Mission Schools in Africa
By Samuel G. Freedman, NY Times, Dec. 27, 2013
Of the hundreds of pages in Nelson Mandela’s autobiography, “Long Walk to Freedom,” barely a dozen recount his college education at the University of Fort Hare, established by white Christian missionaries. He spent less than two of his 95 years there. Most obituaries made only a brief mention of that period.
Mandela left Fort Hare partway through his studies during a conflict with its leader, a Scottish evangelist named Alexander Kerr, about a student boycott of college elections. “At that moment, I saw Dr. Kerr less as a benefactor than as a not-altogether-benign dictator,” Mandela wrote in his memoirs. As for himself, a 22-year-old at that point in late 1940, “I was in an unpleasant state of limbo.”
The mixed emotions that Mandela expressed were far from his alone. The entire enterprise of mission schools in Africa stood at an ambiguous, contested crossroads. It was part of colonialism, yet it educated students who opposed colonialism. It avoided political involvement, yet inspired the quest for racial equality through its religious ideals.
In the aftermath of Mandela’s death, in the fullness of time, mission education has earned a more positive re-evaluation. Mandela himself did ultimately receive his bachelor’s degree from Fort Hare by taking courses off site, and in 2006 was photographed beaming as he wore his college blazer.
Whatever flaws they had—condescension, timidity, elitism—schools like Fort Hare produced not only Mandela but an array of Southern Africa’s black leaders. Fort Hare educated Oliver Tambo of the African National Congress, Chris Hani of the nation’s Communist Party, Mangosuthu Buthelezi of the Inkatha Freedom Party and Robert Sobukwe of the Pan Africanist Congress. (A less celebrated alumnus is Robert Mugabe, the dictatorial president of Zimbabwe.)
Lovedale, another missionary school, taught Thabo Mbeki, who would become post-apartheid South Africa’s second president. Steve Biko, later the leader of the Black Consciousness movement, went to a Catholic boarding school, St. Francis. Albert J. Luthuli, the Nobel laureate, both studied and taught at Adams College, which had been founded by American missionaries.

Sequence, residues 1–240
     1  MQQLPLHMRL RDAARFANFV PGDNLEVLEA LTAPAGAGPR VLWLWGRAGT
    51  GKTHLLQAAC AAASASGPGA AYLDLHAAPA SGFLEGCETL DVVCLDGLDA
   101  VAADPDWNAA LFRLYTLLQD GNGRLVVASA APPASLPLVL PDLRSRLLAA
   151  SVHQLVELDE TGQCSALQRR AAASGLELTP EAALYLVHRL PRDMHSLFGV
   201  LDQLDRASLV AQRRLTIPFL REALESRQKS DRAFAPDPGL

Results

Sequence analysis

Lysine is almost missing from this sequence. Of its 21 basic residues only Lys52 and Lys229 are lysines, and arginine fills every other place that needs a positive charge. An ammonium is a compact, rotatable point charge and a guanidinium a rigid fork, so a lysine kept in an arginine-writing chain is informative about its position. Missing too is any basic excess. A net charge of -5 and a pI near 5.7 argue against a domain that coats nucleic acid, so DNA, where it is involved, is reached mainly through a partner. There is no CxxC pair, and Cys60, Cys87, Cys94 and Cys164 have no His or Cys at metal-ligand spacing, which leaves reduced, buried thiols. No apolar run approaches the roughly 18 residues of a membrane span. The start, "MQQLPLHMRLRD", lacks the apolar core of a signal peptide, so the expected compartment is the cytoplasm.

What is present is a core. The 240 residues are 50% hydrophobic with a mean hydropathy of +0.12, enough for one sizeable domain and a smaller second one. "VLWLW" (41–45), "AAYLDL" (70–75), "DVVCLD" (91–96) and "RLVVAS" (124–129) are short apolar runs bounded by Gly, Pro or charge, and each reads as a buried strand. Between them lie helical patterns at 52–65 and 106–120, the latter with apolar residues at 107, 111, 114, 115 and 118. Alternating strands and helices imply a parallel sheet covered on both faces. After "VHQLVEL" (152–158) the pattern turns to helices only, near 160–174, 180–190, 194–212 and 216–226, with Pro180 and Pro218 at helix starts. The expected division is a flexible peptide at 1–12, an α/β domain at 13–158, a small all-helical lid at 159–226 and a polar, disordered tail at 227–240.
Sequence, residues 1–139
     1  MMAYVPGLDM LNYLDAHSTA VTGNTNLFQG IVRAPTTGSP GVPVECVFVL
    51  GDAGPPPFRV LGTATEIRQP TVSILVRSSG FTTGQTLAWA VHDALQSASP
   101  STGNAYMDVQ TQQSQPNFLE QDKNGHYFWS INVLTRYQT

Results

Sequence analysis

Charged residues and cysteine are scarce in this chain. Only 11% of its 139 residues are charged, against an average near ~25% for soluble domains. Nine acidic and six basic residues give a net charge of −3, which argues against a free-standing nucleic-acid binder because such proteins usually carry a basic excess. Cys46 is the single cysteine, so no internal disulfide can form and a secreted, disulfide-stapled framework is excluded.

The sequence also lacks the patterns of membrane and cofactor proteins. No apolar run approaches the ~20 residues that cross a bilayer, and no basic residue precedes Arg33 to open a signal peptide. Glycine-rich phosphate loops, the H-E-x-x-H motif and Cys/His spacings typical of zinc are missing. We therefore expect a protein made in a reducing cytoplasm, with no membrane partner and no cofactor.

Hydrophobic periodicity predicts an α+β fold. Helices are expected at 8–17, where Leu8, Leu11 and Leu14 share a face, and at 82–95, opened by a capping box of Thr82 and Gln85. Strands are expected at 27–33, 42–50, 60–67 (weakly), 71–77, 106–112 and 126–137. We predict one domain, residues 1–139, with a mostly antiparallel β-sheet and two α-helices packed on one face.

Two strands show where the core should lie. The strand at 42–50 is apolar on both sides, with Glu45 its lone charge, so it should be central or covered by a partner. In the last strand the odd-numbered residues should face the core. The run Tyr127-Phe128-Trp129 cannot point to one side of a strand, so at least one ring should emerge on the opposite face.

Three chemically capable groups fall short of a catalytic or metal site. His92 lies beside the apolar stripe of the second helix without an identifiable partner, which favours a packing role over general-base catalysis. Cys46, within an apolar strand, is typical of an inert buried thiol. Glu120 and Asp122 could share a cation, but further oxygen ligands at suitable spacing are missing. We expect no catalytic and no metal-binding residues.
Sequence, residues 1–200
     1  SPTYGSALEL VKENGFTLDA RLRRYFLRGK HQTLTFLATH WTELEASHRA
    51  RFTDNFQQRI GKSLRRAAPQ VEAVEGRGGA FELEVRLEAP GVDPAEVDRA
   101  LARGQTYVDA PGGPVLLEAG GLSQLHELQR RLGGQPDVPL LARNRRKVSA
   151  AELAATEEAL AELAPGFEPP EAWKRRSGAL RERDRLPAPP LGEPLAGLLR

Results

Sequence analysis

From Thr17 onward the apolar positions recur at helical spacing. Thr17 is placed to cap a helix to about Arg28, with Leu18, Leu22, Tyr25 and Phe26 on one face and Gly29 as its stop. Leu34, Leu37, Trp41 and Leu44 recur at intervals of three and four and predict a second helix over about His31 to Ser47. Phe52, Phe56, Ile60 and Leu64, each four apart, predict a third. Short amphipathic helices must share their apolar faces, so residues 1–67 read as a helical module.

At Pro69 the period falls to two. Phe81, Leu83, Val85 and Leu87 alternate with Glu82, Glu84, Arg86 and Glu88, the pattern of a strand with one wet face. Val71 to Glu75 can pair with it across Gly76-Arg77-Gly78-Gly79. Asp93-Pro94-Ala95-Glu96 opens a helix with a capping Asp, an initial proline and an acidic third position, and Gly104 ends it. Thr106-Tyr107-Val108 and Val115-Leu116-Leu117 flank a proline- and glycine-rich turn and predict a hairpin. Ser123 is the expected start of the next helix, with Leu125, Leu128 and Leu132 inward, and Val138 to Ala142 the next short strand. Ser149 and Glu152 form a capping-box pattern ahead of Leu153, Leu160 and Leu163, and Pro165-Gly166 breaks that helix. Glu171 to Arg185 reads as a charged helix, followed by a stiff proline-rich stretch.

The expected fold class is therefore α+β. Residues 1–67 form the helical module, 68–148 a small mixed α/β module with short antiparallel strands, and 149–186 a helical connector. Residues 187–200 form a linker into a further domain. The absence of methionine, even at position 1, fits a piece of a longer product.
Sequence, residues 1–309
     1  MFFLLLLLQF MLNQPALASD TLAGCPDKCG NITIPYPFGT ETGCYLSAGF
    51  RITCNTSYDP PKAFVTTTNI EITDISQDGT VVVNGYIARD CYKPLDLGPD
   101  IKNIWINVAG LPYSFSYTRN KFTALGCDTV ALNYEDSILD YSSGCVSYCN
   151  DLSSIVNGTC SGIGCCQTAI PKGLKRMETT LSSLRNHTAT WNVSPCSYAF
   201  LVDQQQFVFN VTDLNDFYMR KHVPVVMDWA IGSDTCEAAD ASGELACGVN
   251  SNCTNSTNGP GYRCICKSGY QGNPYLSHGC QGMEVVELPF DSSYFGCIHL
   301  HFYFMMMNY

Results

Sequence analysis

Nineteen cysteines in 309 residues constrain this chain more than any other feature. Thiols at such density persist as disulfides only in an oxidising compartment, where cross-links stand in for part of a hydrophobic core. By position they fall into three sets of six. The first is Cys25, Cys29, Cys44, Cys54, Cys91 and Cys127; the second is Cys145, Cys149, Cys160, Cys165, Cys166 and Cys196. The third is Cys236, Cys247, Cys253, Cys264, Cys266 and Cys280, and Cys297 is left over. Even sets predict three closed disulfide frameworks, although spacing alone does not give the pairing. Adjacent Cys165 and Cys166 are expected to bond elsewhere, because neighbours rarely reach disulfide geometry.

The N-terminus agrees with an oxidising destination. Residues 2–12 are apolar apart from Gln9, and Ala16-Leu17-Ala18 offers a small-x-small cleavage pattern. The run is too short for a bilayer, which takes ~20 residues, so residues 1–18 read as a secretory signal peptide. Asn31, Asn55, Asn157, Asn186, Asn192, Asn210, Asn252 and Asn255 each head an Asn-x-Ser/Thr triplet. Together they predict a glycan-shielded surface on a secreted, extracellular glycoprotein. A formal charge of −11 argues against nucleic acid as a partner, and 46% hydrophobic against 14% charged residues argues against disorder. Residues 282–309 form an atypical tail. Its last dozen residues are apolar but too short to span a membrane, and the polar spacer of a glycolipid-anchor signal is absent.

The accomplishments of mission schools were both intentional and not. Their founders and faculties clearly parted ways with colonial leaders by believing in the educability of black Africans and their capacity to be saved through Christ. Yet those beliefs were a long way from liberation theology.
In whatever form it took, mission education was virtually the only formal sort available to black Africans for much of the colonial era. The first mission school in Nigeria opened in 1859, 50 years before the first government school, according to Dr. Taiwo. In the mid-1920s, mission schools in South Africa were educating far more Africans (about 215,000 compared with about 7,000) than were state schools, by Dr. Elphick’s calculations.
"For young black South Africans like myself," Mandela wrote about Fort Hare in his autobiography, "it was Oxford and Cambridge, Harvard and Yale, all rolled into one." Before his rancorous departure, he studied Latin and physics, joined the drama society, ran cross country and lived in a hostel for Methodists like himself.
Just as important for the person Mandela would become, Fort Hare put him in a multiracial community, said Daniel Massey, author of “Under Protest,” a history of political activism at the college. Mandela’s classmates included Indian and “colored” students, and even some white children of faculty members. The black students were drawn from across tribal and linguistic lines.
For all those reasons—academic, religious, cultural—mission schools like Fort Hare were anathema to Afrikaner nationalists. Speaking in 1938, the political leader Daniel Malan warned about the growing number of “civilized and educated nonwhites who wish to share our way of life and to strive in every respect for equality with us.”
In the dozen years after winning a majority in South Africa’s 1948 elections, Afrikaner nationalists exerted state control over mission schools, imposing apartheid’s segregation by racial category and tribal identity and pushing for education in African languages rather than in English. Fort Hare, over the protests of its students, was subsumed under the government policy of “Bantu education.”
Like so much else in South Africa, that changed with Nelson Mandela’s release from prison and the transition to majority rule. In October 1991, Mandela’s political ally, law partner and college classmate Oliver Tambo was named chancellor of Fort Hare. In his installation speech, even as he acknowledged the strife during his student years, Tambo intoned the college motto: “In your light, let us see light.”